The property comprises the entire area of the Tajik National Park and, because of its large size, mountainous and alpine desert character, and remoteness from human settlements, the property is considered to have an outstandingly high level of physical integrity. Consequently there is no need for a formal buffer zone. The defined core zone of TNP makes up nearly 78% of the property, with the other three sustainable ‘limited use’ zones ranged around the periphery of the park. Tajik National Park is owned by the State and, as a national park, it has the highest legal protection status in Tajikistan.
Protection and management requirements
The legislative framework and management arrangements for the property are comprehensive and clear and all activities that could threaten the integrity of the property, including mining, are legally prohibited.
There is a medium-term management plan approved by the Government and the State Agency of Natural Protected Areas is responsible for coordination of all activities in the park. The implementation of the management plan involves the participation of local communities and their traditional rights over the use of natural resources are respected. The zoning of the property accommodates both traditional and biodiversity conservation needs. The financing for the park comes largely from national sources with a minor contribution from donor funded projects.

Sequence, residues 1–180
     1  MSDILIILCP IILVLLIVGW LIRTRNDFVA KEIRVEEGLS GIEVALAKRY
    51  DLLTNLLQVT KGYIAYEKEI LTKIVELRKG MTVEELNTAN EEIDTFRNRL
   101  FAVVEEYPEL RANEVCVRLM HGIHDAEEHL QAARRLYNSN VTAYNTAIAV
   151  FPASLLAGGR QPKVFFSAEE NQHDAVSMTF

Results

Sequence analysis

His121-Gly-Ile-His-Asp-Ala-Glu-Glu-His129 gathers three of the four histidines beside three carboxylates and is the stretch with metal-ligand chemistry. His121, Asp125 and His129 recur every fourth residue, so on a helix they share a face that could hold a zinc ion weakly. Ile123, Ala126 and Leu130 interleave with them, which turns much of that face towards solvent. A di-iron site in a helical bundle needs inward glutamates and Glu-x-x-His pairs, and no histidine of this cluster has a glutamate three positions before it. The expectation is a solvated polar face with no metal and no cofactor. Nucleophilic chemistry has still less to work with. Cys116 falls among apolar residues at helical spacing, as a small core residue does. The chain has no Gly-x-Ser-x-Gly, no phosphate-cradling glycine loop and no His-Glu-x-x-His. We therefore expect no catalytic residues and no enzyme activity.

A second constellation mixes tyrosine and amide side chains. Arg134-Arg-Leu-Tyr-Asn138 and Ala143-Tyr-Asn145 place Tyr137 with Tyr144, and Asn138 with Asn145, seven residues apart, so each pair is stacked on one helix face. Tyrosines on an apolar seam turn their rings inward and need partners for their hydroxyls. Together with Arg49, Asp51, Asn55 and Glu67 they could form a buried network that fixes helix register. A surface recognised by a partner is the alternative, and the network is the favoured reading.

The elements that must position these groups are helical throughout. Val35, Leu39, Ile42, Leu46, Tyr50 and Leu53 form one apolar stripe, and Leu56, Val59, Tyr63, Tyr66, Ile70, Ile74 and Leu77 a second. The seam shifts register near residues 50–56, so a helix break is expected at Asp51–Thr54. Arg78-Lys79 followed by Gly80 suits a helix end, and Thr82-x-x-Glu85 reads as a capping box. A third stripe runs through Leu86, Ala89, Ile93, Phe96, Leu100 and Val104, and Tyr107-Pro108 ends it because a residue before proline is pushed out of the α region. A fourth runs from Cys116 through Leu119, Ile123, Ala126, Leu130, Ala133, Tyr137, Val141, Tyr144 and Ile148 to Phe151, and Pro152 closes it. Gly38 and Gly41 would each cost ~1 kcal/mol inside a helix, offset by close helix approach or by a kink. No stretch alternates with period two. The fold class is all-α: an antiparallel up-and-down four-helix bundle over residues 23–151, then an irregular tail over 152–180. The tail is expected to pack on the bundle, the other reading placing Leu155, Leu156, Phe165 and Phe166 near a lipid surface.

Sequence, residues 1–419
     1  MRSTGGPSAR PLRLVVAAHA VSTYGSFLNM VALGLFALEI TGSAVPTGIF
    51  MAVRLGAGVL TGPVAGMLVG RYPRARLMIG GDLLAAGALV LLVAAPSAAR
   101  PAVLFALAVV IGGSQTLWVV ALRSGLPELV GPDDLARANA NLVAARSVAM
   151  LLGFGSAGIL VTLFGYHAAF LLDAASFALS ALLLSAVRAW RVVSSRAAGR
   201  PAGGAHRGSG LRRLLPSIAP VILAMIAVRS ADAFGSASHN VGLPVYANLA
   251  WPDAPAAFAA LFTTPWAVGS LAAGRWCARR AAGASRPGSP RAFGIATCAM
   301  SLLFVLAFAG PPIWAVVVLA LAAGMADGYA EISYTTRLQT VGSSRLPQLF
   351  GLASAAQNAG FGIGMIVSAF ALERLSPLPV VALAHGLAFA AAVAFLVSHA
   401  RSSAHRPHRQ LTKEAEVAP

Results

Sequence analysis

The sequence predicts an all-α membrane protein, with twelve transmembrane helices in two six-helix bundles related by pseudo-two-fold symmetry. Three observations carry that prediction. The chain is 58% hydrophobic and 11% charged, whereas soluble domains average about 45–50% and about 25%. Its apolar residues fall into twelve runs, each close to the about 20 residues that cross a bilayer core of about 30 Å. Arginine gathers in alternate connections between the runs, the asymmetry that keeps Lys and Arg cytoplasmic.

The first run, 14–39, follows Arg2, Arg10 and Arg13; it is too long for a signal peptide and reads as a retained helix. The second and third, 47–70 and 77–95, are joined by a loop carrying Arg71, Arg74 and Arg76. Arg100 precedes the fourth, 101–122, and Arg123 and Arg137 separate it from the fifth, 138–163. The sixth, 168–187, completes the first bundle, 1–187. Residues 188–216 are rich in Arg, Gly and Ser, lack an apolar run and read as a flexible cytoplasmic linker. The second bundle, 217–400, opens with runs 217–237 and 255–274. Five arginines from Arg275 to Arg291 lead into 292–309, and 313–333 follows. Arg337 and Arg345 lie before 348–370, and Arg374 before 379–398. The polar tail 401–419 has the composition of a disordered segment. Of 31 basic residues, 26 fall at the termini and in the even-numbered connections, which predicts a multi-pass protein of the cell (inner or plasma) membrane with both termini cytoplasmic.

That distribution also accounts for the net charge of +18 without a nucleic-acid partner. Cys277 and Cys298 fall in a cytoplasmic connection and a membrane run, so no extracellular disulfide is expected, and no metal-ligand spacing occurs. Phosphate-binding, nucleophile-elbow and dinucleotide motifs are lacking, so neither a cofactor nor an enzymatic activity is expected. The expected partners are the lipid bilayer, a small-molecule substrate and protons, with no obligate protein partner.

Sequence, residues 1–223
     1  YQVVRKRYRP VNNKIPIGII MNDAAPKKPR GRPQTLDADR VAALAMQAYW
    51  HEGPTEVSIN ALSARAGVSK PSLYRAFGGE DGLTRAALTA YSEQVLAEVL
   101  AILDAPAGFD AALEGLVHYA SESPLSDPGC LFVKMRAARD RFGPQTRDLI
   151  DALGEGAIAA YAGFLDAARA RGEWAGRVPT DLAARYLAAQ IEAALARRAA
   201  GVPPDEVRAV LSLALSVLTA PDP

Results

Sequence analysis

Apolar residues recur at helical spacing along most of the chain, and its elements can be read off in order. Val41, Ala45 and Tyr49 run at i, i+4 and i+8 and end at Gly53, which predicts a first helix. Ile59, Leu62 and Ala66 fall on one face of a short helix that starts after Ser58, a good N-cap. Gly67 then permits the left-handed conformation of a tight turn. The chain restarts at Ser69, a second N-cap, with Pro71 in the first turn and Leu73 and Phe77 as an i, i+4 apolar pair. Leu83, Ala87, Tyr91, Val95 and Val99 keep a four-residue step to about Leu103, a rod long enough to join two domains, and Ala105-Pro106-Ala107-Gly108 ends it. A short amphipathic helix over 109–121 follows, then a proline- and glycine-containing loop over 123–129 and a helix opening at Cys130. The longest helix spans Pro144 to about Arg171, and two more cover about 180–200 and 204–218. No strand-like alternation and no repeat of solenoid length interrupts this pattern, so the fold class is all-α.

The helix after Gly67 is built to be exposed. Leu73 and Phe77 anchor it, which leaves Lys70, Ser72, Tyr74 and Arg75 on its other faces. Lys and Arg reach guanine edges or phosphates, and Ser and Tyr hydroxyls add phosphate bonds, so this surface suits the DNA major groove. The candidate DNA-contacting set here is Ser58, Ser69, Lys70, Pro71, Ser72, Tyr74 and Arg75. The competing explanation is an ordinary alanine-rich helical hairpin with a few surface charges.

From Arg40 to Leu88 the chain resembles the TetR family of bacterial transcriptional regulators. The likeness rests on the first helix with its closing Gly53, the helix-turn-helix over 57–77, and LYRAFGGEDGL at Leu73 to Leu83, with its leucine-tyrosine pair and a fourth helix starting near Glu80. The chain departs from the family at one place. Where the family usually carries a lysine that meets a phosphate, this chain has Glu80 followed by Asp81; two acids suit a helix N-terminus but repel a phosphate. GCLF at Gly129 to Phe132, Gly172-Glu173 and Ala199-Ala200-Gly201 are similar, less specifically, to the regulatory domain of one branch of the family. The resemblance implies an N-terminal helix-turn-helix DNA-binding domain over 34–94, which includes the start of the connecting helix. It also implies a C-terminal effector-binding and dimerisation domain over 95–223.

Inscription on the World Heritage list presents an increased opportunity to the State Party to develop ecotourism. Therefore, long-term protection and management requirements for the property include the need to prevent negative impacts from tourism whilst accommodating any increased visitation to the property through the provision of quality visitor services.
There is a need for secured and adequate financing for the park to fully implement the management plan and carry out law enforcement measures. Since Government sources are limited, alternative sources of funding need to be investigated. In this respect, the concept of trophy hunting management needs to be developed, as trophy hunting could be an important supplementary income source for the management of the park. However, it should encompass all necessary elements of a science-based approach to game and habitat management, involve independent and external experts, and have a tight regulatory framework.
The property requires an effective long-term monitoring programme, including defined key indicators of the conservation and habitat health of the property.
4. Commends the State Party on its continued and responsive efforts to improve protection and management of the property, in particular for the development and future implementation of the management plan;
5. Recommends the State Party to marshal the necessary human and financial resources to ensure effective long term protection and management in accordance with the property’s management plan and to explore options to secure additional international financial assistance for capacity building;
6. Encourages the State Party to cooperate with the neighbouring State Party of Kyrgyzstan to develop improved and sustainable tourism programmes which enhance visitor services, income and which foster community-based tourism development;
7. Also encourages the State Party to cooperate with neighbouring State Parties, the World Heritage Centre and the Advisory Bodies to undertake a regional comparative biodiversity and geodiversity study of Inner Asian high mountains and deserts and to conduct a regional expert workshop with a view to developing opportunities for future transnational potentially serial nominations.